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Patellofemoral osteoarthritis is prevalent and associated with worse symptoms and function after hamstring tendon autograft ACL reconstruction
  1. Adam G Culvenor1,
  2. Courtney C H Lai2,
  3. Belinda J Gabbe2,
  4. Michael Makdissi3,4,
  5. Natalie J Collins5,
  6. Bill Vicenzino1,
  7. Hayden G Morris3,
  8. Kay M Crossley1
  1. 1Division of Physiotherapy, School of Health and Rehabilitation Sciences, The University of Queensland, Brisbane, Queensland, Australia
  2. 2Department of Epidemiology and Preventive Medicine, Monash University, Melbourne, Victoria, Australia
  3. 3Department of Physiotherapy, Melbourne School of Health Sciences, The University of Melbourne, Parkville, Victoria, Australia
  4. 4The Florey Institute of Neurosciences and Mental Health, Melbourne Brain Centre, Austin Campus, Heidelberg, Victoria, Australia
  5. 5Department of Mechanical Engineering, The University of Melbourne, Parkville, Victoria, Australia
  1. Correspondence to Dr Kay M Crossley, Division of Physiotherapy, School of Health and Rehabilitation Sciences, The University of Queensland, Building 84A, St Lucia, Queensland 4072, Australia; k.crossley{at}uq.edu.au

Abstract

Objectives To evaluate the compartmental distribution of knee osteoarthritis (OA) after anterior cruciate ligament reconstruction (ACLR), to determine if patellofemoral or tibiofemoral OA is more strongly associated with knee symptoms and function, and to evaluate the contribution of associated injuries and surgical delay to the development of OA.

Methods This cross-sectional study recruited 70 participants who underwent hamstring tendon (HT) ACLR 5–10 years previously. Radiographic OA was assessed according to the Osteoarthritis Research Society International (OARSI) criteria. Knee symptoms were assessed with the Knee Injury and Osteoarthritis Outcome Score (KOOS) and Anterior Knee Pain Scale (AKPS), while function was assessed with three lower limb tasks (hop-for-distance, one-leg rise and side-hop). Multivariate and binary logistic regression analyses were performed to assess the relationship between OA and symptomatic/functional outcomes and associated injuries/surgical delay, respectively.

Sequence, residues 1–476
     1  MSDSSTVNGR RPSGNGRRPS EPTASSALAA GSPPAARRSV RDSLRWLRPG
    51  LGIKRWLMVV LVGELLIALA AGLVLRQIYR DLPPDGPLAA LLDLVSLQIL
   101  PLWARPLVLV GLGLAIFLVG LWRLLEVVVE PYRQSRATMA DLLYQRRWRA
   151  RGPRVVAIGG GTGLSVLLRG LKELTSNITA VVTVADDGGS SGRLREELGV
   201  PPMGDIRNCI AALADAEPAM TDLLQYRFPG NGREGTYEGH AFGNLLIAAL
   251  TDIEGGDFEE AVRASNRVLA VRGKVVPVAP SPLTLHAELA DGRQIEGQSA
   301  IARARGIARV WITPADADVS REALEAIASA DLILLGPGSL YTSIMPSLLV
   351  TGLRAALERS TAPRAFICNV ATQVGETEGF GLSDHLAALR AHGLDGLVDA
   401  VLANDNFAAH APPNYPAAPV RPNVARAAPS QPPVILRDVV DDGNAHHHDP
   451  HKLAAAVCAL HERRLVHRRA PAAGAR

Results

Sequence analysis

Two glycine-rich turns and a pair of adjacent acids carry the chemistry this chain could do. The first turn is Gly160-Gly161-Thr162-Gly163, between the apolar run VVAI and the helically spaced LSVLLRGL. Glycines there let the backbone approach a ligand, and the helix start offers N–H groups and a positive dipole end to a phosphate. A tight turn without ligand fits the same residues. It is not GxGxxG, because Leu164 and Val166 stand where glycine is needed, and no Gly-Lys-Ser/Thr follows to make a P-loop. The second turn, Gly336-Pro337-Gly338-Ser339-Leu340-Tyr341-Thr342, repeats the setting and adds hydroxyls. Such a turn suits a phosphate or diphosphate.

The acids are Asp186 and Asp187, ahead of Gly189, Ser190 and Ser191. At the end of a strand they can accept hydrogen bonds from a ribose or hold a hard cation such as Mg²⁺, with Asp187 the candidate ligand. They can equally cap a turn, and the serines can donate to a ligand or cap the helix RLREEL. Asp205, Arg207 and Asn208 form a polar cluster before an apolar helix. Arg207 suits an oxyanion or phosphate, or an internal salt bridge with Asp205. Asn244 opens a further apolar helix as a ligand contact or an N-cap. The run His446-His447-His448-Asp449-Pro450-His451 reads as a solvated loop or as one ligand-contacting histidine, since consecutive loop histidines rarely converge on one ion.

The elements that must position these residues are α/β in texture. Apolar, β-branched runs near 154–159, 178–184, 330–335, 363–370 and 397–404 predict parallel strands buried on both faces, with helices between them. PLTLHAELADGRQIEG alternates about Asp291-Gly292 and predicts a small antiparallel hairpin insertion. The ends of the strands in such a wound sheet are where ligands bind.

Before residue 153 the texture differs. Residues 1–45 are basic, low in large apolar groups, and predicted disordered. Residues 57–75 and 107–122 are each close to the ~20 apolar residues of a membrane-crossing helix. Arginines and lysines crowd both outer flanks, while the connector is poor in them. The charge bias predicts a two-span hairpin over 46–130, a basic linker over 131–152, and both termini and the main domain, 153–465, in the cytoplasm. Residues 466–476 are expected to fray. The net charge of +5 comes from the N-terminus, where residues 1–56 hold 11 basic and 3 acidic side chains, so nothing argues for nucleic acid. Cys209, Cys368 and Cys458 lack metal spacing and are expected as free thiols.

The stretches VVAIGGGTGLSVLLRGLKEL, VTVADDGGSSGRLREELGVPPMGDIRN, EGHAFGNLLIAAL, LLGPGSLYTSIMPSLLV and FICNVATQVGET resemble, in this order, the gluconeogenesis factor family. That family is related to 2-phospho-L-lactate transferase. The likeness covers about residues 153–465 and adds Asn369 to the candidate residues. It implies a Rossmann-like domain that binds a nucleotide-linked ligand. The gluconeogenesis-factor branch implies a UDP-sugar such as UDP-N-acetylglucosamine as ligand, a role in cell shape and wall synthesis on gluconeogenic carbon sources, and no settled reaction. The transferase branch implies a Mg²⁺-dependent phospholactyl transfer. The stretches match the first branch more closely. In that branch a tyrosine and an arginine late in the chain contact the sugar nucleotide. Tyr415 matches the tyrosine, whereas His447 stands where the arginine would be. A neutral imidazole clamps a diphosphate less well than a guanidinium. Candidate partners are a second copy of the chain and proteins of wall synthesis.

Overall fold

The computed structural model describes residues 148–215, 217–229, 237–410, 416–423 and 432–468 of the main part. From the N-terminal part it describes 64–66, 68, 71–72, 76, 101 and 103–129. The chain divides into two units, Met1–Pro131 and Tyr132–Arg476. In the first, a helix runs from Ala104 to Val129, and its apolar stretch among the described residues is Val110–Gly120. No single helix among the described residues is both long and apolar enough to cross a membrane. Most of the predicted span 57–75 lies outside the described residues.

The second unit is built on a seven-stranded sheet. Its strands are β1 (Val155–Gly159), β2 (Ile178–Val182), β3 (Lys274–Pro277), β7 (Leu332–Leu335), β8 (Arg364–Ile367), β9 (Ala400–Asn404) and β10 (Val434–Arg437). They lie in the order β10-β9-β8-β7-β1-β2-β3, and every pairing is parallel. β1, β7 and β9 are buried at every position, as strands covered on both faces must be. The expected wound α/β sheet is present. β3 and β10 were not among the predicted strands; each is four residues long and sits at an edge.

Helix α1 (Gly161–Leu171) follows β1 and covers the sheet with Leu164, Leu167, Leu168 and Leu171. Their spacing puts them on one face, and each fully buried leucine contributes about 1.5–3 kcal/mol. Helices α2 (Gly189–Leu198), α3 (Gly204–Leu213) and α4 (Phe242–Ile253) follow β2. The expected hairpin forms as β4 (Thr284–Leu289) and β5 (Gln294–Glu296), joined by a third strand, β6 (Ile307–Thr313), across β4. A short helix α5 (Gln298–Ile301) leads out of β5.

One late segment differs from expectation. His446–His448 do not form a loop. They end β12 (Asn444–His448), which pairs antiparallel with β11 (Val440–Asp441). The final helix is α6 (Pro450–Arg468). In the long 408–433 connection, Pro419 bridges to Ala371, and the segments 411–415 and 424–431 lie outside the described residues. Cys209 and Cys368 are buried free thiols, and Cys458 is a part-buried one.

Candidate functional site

Results Radiographic OA was observed in the patellofemoral (47%) and tibiofemoral joints (31%). Pain, symptoms and quality of life on the KOOS and the AKPS were associated with severity of patellofemoral OA (standardised regression coefficient (β)=−0.3 to −0.5, p=0.001–0.042), whereas only the KOOS-pain subscale was associated with tibiofemoral OA (β=−0.3, p=0.037). For each functional task, greater patellofemoral OA severity was associated with worse performance, independent of tibiofemoral OA severity (β=−0.3 to −0.4, p=0.001–0.026). Medial meniscal and patellofemoral chondral lesions at surgery were associated with tibiofemoral and patellofemoral OA development at follow-up, respectively, while a longer surgery delay was associated with patellofemoral OA.

Conclusions Patellofemoral OA is common following HT ACLR and is associated with worse knee-related symptoms, including anterior knee pain, and decreased functional performance.

  • ACL
  • Osteoarthritis
  • Knee surgery

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